We now turn to the New Testament, a dense and profound literature which can be approached in many ways. A good place to start is with what all the writings share, and what their shape tells us. They all center, obviously on Jesus of Nazareth, who is the Messiah, the Son of Man, the Word of God, the Lord, etc. While the terms differ, and deserve analysis, they all make a serious claim about Him. They all would have us start and finish our account with Him, as Revelation’s ‘Alpha and Omega.’
Jesus was a powerful, impressive, difficult, mysterious figure. Even Pilate wants to speak with him. Bystanders are impressed, though some think he has a demon. Being amazed with him doesn’t mean that some don’t write him off as another wonder worker. He can argue like a rabbi, but has ‘authority’ unlike any of them. He seems to claim and yet doesn’t, the title of ‘Messiah.’ The rabbinic Jesus of a movie like Zeffirelli, or the revolutionary Jesus of Pasolini, the agonized Jesus of Gibson, (and one could add more examples), are all true enough but not exhaustive.
The picture is further blurred by the project in modern time to strip away so-called myth and rediscover the true historical Jesus behind the Gospel stories. The great scholar (and missionary doctor) Albert Schweitzer delivered the coup de grâce for this effort when he said that all such reconstructors were as people looking down a well so as finally to see His face across the centuries, only to realize they were seeing their own. Of course, Jesus was an historical figure, and there are things we can say about Him as such, but we have to read the accounts ‘with the grain’ to hear what they want to tell us about who He was.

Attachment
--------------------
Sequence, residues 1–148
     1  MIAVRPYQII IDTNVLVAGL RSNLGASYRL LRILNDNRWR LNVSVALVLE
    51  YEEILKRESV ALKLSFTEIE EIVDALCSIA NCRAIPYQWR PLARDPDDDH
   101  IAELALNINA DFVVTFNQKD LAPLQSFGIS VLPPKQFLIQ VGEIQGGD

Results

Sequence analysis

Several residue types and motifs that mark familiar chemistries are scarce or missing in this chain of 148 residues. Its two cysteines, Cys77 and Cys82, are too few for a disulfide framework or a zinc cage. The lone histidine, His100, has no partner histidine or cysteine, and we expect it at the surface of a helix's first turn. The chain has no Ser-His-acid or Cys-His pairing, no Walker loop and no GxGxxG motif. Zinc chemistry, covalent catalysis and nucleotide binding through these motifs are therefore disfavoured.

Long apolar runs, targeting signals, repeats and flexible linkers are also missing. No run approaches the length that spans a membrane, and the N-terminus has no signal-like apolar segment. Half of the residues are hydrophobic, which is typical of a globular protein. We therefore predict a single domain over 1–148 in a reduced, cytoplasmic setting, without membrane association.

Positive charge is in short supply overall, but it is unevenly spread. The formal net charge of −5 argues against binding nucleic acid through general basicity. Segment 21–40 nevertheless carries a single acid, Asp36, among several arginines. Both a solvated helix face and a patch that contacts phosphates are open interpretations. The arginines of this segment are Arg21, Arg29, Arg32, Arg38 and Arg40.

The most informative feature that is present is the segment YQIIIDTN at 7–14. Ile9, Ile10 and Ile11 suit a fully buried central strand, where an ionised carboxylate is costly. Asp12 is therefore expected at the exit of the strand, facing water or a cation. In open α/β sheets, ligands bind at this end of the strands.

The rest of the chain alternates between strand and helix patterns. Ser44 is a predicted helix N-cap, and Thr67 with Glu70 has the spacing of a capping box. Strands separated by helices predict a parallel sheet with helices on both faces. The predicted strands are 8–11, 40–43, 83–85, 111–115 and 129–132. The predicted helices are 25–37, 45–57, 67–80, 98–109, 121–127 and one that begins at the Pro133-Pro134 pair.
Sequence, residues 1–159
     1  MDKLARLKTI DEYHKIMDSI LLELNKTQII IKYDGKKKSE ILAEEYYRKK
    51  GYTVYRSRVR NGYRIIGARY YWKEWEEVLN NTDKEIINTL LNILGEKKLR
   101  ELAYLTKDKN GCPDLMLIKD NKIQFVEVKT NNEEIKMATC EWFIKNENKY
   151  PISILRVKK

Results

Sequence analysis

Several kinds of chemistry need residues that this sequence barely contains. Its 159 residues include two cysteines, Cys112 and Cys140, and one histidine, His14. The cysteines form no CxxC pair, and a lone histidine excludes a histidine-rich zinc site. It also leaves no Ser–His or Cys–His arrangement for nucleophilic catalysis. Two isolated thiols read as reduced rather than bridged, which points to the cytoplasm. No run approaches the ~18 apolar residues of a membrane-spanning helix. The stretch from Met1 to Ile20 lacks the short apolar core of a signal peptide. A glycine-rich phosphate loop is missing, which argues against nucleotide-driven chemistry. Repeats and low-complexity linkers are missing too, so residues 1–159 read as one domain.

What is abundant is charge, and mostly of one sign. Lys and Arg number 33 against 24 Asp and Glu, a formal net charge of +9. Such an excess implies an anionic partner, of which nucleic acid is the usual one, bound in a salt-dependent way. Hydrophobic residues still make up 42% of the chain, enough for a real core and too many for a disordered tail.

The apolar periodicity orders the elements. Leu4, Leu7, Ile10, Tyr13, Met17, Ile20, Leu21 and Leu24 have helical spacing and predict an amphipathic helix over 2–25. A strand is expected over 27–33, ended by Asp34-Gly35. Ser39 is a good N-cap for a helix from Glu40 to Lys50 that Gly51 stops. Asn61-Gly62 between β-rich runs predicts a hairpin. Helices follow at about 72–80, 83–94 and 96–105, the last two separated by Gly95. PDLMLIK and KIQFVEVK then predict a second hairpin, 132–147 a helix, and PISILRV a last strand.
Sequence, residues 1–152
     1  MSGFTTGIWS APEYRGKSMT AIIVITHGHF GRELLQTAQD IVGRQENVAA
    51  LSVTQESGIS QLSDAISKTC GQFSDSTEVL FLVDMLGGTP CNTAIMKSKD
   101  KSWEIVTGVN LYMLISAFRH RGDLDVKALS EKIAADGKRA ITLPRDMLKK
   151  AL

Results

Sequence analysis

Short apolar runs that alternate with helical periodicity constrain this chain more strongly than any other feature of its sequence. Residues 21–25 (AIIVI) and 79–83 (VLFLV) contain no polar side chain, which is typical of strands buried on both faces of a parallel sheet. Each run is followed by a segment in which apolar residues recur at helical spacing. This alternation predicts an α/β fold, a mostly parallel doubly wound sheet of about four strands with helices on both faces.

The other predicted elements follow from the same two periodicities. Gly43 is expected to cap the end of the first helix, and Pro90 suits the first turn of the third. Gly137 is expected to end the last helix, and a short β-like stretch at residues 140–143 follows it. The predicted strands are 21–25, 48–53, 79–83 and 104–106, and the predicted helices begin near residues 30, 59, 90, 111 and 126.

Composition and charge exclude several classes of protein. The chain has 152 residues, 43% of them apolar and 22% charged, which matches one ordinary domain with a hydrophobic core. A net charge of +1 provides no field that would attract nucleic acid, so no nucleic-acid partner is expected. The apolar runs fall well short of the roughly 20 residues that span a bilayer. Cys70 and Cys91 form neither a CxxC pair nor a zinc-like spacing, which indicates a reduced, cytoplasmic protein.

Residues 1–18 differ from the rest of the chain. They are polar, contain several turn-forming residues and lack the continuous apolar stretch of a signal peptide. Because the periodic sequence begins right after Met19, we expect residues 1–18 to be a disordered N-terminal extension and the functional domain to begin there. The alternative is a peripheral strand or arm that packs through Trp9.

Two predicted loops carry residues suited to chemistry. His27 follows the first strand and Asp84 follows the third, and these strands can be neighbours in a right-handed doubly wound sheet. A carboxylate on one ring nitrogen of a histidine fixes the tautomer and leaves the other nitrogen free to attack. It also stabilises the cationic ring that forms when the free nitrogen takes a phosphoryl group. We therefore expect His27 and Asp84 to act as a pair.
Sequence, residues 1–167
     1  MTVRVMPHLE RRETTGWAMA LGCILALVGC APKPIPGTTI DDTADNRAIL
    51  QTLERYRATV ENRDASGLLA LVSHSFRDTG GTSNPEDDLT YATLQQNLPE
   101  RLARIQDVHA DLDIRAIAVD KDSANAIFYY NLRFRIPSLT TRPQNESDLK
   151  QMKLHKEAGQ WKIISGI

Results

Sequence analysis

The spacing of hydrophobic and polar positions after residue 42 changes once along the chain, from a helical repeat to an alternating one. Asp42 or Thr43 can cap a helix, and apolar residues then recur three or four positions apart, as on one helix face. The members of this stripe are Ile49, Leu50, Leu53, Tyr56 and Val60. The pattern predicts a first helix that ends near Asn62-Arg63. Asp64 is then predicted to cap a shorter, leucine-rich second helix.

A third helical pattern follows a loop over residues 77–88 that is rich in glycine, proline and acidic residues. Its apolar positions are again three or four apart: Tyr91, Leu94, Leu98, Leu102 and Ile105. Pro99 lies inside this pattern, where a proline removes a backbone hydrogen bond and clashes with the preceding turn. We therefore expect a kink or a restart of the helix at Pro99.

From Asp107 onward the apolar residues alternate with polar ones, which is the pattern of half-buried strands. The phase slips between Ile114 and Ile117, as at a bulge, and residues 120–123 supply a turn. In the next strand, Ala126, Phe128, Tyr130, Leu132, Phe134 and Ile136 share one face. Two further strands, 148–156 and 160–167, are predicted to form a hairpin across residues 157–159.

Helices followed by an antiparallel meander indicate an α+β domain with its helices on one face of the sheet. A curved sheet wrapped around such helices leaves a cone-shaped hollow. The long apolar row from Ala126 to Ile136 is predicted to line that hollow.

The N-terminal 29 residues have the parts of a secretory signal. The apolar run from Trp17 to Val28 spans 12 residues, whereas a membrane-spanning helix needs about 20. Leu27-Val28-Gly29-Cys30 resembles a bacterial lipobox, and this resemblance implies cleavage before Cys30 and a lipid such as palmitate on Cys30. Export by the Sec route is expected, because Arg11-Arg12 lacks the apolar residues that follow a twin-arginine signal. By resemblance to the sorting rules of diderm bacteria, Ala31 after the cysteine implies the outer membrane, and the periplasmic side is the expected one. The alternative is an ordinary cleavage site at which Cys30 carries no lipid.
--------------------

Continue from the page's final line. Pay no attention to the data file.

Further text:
So let us begin with several simple facts.
Roughly at the mid-point of the Synoptic Gospels (Matthew, Mark, Luke) Jesus poses the key question to the disciples: ‘but who do you say that I am?’ And yet all the Gospels give their testimony to who He is on the far side of the resurrection. He appears, even during His life, in its light. ‘We seen Him from a solely human point of view no more.’ (II Corinthians 5:16)
A disproportionate amount of the Gospels relative to the actual chronology was spent in the retelling of the story of his death. The great German scholar Martin Kaehler called Mark a ‘passion narrative with a long introduction.’ This tells us where first to look to understand who He is.
In all the Gospels the question provokes controversy, especially around its audacity: ‘He forgives sin’, something only God can do. He casts out demons, something to be done when the great day of the Lord has come. But to see these things, and to follow, these require trust, courage, the willingness to hear- they are not self-evident.
Discuss the following quotation from C.S. Lewis’ ‘Mere Christianity’
“I am trying here to prevent anyone saying the really foolish thing that people often say about Him: I’m ready to accept Jesus as a great moral teacher, but I don’t accept his claim to be God. That is the one thing we must not say. A man who was merely a man and said the sort of things Jesus said would not be a great moral teacher. He would either be a lunatic — on the level with the man who says he is a poached egg — or else he would be the Devil of Hell. You must make your choice. Either this man was, and is, the Son of God, or else a madman or something worse. You can shut him up for a fool, you can spit at him and kill him as a demon or you can fall at his feet and call him Lord and God, but let us not come with any patronizing nonsense about his being a great human teacher. He has not left that open to us. He did not intend to.”